The Bride Wore Black (French: La Mariée était en noir) is a 1968 French film directed by François Truffaut and based on the novel of the same name by William Irish, a pseudonym for Cornell Woolrich. Starring Jeane Moreau as a sexy, vengeful widow who gets even with those who killed her husband, believed to have influenced many brides to use a black wedding dresses on their wedding day.
Synopsis for The Bride Wore Black film (source: Wiki)
Julie Kohler (Jeanne Moreau) is introduced to us trying to commit suicide, only to be stopped by her mother (Luce Fabiole) before she jumps from her window. She is in black clothing and in obvious grief, but the reason is not yet revealed. Suddenly, Julie changes her attitude and informs her mother of her decision to take a long trip to forget. Yet, apparently, this is not what she has in mind, since she gets on the train in the presence of her young niece and then right afterwards steps down from the other side. From this point on it is clear that she has something else in mind.
The next time we see her, her hair is changed, she is in white and looking for a man called Bliss. Bliss (Claude Rich), a ladies' man, is having a party on the eve of his wedding but when Julie shows up mysteriously uninvited and totally attractive, he cannot resist the temptation to approach her and try to find out whether she is a figure of his past. While alone, she pushes Bliss off the balcony of his high-rise apartment to his death.
Her next victim is Coral, a lonely bachelor, whom she lures to a concert by leaving a ticket with his concierge. After the concert, they agree to meet the following night. Coral can't believe his luck. Before their rendezvous, Julie is seen buying a bottle of liqueur and injecting a syringe into it. When she meets Coral at his apartment, she serves him the poisoned liqueur and watches over him as he dies, revealing her true identity. He begs for his life, explaining that it was all an accident. We then see a wedding procession pause on the steps of a church, where a single shot rings out and the groom falls to the ground.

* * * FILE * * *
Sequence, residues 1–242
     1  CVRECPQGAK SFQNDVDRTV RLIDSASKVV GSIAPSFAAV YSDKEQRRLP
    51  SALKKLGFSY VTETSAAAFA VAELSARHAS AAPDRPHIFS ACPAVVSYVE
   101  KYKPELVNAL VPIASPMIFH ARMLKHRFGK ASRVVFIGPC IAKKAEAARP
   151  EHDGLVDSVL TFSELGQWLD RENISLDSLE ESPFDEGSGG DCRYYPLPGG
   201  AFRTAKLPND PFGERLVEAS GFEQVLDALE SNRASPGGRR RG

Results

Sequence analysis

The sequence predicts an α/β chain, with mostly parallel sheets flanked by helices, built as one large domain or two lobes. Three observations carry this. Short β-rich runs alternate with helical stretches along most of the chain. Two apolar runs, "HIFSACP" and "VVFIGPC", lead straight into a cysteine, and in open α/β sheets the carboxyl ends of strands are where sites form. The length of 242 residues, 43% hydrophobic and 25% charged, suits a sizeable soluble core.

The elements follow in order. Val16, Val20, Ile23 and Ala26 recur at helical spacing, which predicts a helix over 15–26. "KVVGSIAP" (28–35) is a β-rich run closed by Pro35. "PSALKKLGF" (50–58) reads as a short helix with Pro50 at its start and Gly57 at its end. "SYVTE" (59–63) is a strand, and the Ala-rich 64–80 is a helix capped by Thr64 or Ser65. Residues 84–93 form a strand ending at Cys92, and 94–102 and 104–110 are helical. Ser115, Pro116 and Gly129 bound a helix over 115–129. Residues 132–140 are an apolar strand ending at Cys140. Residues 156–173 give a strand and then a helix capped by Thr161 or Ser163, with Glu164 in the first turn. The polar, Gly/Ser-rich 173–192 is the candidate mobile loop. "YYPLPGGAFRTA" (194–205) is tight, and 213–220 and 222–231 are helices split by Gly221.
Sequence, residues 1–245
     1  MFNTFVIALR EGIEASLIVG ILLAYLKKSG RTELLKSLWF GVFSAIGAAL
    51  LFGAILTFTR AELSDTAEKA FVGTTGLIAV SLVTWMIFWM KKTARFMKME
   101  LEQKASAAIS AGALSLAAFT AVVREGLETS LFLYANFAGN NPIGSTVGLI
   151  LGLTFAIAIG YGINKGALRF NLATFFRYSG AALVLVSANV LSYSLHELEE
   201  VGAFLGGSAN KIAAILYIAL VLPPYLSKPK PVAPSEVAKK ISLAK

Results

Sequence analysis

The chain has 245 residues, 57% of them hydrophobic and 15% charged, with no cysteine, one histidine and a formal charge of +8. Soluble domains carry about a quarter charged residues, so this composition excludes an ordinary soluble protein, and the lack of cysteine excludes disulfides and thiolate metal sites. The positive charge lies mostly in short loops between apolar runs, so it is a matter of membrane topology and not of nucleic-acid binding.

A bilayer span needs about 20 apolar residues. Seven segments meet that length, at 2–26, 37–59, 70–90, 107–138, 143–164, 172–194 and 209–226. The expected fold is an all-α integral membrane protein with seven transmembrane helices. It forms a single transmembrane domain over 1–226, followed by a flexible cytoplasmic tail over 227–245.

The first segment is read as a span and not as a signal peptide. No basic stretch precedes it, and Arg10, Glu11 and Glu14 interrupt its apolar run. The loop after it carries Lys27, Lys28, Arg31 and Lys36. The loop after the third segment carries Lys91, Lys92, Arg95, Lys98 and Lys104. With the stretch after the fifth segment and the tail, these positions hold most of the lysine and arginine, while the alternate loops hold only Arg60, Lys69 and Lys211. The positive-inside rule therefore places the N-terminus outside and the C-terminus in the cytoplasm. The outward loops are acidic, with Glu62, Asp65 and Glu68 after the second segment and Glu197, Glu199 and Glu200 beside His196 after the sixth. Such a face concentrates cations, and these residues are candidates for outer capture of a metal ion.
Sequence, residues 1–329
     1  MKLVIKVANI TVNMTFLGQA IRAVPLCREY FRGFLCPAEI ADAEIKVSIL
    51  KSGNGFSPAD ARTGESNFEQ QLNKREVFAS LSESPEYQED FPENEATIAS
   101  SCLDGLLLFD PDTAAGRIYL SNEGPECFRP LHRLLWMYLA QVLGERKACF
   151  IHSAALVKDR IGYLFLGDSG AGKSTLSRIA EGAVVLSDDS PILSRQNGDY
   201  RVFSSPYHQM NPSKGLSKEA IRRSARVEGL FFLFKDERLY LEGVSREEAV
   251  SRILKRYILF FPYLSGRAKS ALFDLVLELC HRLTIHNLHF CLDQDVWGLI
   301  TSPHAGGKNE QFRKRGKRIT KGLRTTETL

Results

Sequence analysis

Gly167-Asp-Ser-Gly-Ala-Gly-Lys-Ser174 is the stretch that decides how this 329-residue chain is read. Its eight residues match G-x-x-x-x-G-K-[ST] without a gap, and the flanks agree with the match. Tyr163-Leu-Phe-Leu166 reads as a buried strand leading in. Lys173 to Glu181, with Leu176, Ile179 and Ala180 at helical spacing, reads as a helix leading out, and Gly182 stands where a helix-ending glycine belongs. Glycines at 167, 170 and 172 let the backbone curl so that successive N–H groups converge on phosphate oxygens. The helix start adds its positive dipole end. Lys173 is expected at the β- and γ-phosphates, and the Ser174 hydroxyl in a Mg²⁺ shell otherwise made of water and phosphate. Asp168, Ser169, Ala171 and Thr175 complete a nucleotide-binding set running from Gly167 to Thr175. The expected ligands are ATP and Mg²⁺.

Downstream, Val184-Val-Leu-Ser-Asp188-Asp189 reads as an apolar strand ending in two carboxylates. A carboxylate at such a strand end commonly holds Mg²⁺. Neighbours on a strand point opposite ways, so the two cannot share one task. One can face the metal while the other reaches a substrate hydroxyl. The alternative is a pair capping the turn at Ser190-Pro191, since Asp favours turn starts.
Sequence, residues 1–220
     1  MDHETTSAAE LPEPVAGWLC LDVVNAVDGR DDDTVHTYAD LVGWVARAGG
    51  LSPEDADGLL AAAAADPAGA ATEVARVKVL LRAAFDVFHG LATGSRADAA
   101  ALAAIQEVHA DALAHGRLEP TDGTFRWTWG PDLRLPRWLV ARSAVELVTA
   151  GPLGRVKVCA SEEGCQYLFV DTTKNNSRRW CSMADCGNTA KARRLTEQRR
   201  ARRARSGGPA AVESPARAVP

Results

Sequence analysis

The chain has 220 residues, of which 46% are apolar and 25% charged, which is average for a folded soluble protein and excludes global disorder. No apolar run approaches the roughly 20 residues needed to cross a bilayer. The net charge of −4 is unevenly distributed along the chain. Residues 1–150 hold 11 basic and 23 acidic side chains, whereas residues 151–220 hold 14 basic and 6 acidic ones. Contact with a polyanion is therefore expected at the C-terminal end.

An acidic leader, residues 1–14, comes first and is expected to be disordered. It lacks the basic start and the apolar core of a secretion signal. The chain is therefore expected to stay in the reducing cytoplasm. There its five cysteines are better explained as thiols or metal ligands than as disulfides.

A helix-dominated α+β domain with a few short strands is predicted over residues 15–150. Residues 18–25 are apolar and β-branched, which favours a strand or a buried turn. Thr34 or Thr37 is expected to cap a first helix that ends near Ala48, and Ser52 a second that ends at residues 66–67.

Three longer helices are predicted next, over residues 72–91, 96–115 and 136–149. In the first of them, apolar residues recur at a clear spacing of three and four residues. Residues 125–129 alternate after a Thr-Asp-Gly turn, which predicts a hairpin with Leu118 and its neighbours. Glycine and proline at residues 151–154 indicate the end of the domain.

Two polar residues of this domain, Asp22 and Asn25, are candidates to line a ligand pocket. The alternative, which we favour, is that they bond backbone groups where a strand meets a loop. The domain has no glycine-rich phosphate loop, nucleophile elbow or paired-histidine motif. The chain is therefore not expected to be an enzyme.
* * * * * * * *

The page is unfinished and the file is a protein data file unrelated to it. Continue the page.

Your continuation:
As she travels to her next victim, Julie is seen crossing off a name in a little black book. She cases the next victim, Morane, by following his wife and child home from school. She befriends the boy, and lures the wife away from the home by sending a fake telegram that her mother has fallen ill. Julie arrives at the house and offers to cook dinner for Morane and his son. After dinner, she plays hide and seek with the boy before putting him to bed, hiding in a crawlspace underneath the stairs. As she is leaving, she claims to have lost a ring. While helping her look for it in the crawlspace where she was hiding, Julie locks Morane in the crawlspace. She reveals her true identity, and he pleads for his life. Finally, it's revealed that Julie's husband was killed by an accidental shot by Delvaux, one of a group of five friends. The five men were horrified by the accident, and disbanded, hoping to never have to confront their guilt. Julie duct tapes the gaps in the door frame, sealing Morane inside to suffocate.
As she is about to kill Delvaux with a gun, he is arrested by the police. She puts a question mark next to his name in her book, and moves on to Fergus, who is an artist. She models for him as the huntress Diana, and shoots him with an arrow. She cuts her face out of the painting, keeping with her habit of covering her tracks. She then finds a mural Fergus has painted on his wall of her reclining in the nude. She starts to paint over her face, but then decides not to.
At Fergus' funeral, she allows herself to be caught. She admits to the police that she has murdered all four men. She does not reveal why.
The film moves to a prison, where a soup cart is making its rounds. At each cell, the door is opened, and the prisoners are given some soup and some bread. Julie is revealed as a prisoner in the women's wing, and Delvaux is revealed as a prisoner on the men's side. When it is Julie's turn to work in the kitchen, she hides a knife on the soup cart. The cart makes its rounds, and turns a corner out of sight. After a brief pause, a man is heard screaming, and the movie ends.
Beside inspiring black wedding dress designer, "The Bride Wore Black" also said inspiring for Kate Bush's song "The Wedding List" on her album "Never for Ever". The old film received hostile criticism in France on its original release, and Truffaut later admitted that he no longer liked the film, and that the critics were right. Despite the critical reaction, it was nominated for a Golden Globe Award for Best Foreign Language Film.